picture before,” Busch submitted, “you can have an awfully good time at ‘The Confession of Lily Dare.’ I do think if you have a fondness for classic fi lm, certainly you would notice details. But I really don’t think there’s a single laugh in the play that’s predicated on your familiarity with the particular movie genre.” Audiences familiar with his body of work, however, are likely to recognize the source of those laughs. “Humor, the best humor to me,” Busch said, “is self-recognition at the noble foolishness of people trying to do the right thing and failing — but trying so hard; just the folly of human existence.” What’s more, the playwright assured, you can make those post-show dinner plans with confidence. “Most of the movies, for the 1940s, were under two hours,” Busch noted. “And in the ’30s, it could be 80 minutes. So when I’ve done a parody, I see no reason to make it much longer than the original movie would be… at two and a half hours, you lose your welcome. And I like to get to the restaurant before it closes.” Not long after “Lily Dare” closes, Busch returns to the road. “Like most careers, there are changes and chapters,” he said of his cabaret act. “They happen before you know you are doing it.” With longtime accompanist and “marvelous arranger” Tom Judson at the piano, “It’s almost like a two-person show,” Busch noted, “because he sings duets with me… and it’s been so fun. My god, we’ve been to at least 27 different cities and four different countries.” Over the past six years, Busch has refi ned his approach. “In a creative situation, the question you should ask yourself is, ‘What do I have to offer?’ I think that’s a little healthier than, ‘God, I can’t do this.’ So when I fi rst stated doing cabaret, I said, ‘I’m a playwright and a storyteller. I’ll go about it that way. It doesn’t matter if my singing is a little sketchy. I’ll choose songs I can really act and do a lot of anecdotes in between.’ ” But as Judson’s arrangements became “more complex and demanding,” Busch recalled, he made “the move, about a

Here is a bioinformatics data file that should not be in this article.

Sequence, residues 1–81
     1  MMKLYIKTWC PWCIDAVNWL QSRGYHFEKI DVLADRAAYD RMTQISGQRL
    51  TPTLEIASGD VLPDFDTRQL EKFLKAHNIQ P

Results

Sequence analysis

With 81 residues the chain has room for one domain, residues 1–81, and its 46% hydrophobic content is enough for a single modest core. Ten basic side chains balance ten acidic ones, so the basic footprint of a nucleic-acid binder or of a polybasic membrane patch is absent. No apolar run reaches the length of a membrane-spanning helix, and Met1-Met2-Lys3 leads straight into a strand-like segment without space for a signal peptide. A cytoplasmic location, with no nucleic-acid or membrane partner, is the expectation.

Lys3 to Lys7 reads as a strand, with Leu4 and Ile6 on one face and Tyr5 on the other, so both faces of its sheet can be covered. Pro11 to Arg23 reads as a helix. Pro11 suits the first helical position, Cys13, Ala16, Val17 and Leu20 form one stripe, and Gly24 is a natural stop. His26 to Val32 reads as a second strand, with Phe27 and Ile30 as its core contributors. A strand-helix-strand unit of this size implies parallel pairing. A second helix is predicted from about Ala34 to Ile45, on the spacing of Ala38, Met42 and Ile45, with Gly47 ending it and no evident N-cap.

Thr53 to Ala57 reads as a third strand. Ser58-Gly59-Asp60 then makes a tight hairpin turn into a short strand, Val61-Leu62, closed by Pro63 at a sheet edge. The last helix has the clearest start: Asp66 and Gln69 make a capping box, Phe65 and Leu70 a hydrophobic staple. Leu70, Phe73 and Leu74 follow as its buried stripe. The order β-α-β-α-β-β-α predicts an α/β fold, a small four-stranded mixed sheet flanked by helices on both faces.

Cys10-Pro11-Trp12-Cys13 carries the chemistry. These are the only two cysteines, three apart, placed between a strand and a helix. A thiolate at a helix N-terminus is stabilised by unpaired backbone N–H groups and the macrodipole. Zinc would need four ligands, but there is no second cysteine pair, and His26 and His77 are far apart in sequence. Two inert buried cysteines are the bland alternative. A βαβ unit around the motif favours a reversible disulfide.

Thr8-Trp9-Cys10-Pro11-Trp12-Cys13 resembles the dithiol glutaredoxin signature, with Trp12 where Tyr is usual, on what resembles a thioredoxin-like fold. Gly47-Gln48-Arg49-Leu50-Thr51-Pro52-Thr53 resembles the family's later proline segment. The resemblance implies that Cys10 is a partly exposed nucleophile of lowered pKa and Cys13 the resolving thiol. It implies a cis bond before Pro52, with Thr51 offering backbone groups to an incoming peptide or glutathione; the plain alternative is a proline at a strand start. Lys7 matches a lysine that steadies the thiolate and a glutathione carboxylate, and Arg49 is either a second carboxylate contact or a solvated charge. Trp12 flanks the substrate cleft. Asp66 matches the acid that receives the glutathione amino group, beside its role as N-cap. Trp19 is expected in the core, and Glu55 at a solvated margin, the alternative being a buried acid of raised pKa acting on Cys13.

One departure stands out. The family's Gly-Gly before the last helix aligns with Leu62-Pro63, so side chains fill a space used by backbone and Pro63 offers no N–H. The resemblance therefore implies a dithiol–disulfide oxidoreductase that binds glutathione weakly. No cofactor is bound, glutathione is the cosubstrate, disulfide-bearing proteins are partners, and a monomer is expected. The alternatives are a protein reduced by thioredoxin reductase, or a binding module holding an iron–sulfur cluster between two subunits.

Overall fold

year ago, to take some singing lessons, which really helped a lot. And now I’m really singing… It sounds rather obvious, and yet, it was challenging for me.” As an interpreter of song prone to favor playwriting mode, he conceded, the lyrics “have always been more important to me than the melody. But to use the melody as an expressive tool, as well as the lyrics, was something I had to trust.” Be it Barcelona or South Bend, Indiana, Busch seems to encounter the same faces likely to be found in the house at Feinstein’s/54 Below, here in Manhattan. “Every audience is all New Yorkers. Wherever I’ve gone, it really seems to happen,” he said. “In Paris, I was determined to learn a French song — in French. I worked so hard on this Edith Piaf song, and it turned out there wasn’t a single French person around. They were all from Yonkers.” Busch and Judson will tour again in the summer (heads up, Sag Harbor, among other places). In the meantime, TNC audiences hoping for a tune or two will not walk away disappointed, as, after all, Lily does go through her cabaret entertainer phase. “I was searching for an old song,” he recalled, “and Tom said, ‘Well, I’ll just write you one,’ and he wrote this most perfect song, called ‘Pirate Joe’ that is just every song Marlene Dietrich ever sang.” Cast member Kendal Sparks, as Mickey, plays Judson’s “rather complicated arrangement,” while Busch, of course, sings — “which is ironic,” he noted, “because we have, in the cast, Howard McGillin and Nancy Anderson, who are two of the most accomplished musical theater performers around. Howard has played the Phantom of the Opera for more performances than anyone else, ever, and Nancy, among her many credits, recently stood by for Glenn Close in ‘Sunset Boulevard’ and went on one night, spectacularly. So it’s a little embarrassing, that they keep their mouth shut and I’m the one doing the singing.” Lest one think these high achievers are shooting daggers at their leading lady, Busch noted, “I think they’re relieved. They don’t have to worry about their voices, or getting a cold. Musical theater people are thrilled when all they have to do is act.” As for Busch, it seems as if another act is in store for his 2000 Broadway hit, “The Tale of the Allergist’s Wife.” Bette Midler and Sharon Stone are currently attached to the long-awaited screen adaptation, and the playwright is optimistic. “At the moment,” Busch said, “it’s looking very good. We have a wonderful director [Andy Fickman]. But I can’t tell you when the cameras are going to start cranking.” Circling back to his upcoming cabaret work, Busch said that although “a lot of people think of me as a drag performer,” he’s “recently stopped being in drag during in my act, because it seemed like the more I was unveiled, the better it is.” “The Confession of Lily Dare” is presented through April 29; Tues. at 7pm, Wed.–Sat. at 8pm and Sun. at 3pm; Sat., April 7 at 3pm. In the Johnson Theater at Theater for the New City (155 First Ave., btw. E. Ninth & 10th Sts.). For tickets ($25 general admission), call SmartTix at 212-8684444 or visit smarttix.com. To be placed on the waiting list for sold-out performances, call TNC at 212-254-1109. Venue info at theaterforthenewcity. net and artist info at charlesbusch.com. NYC Community Media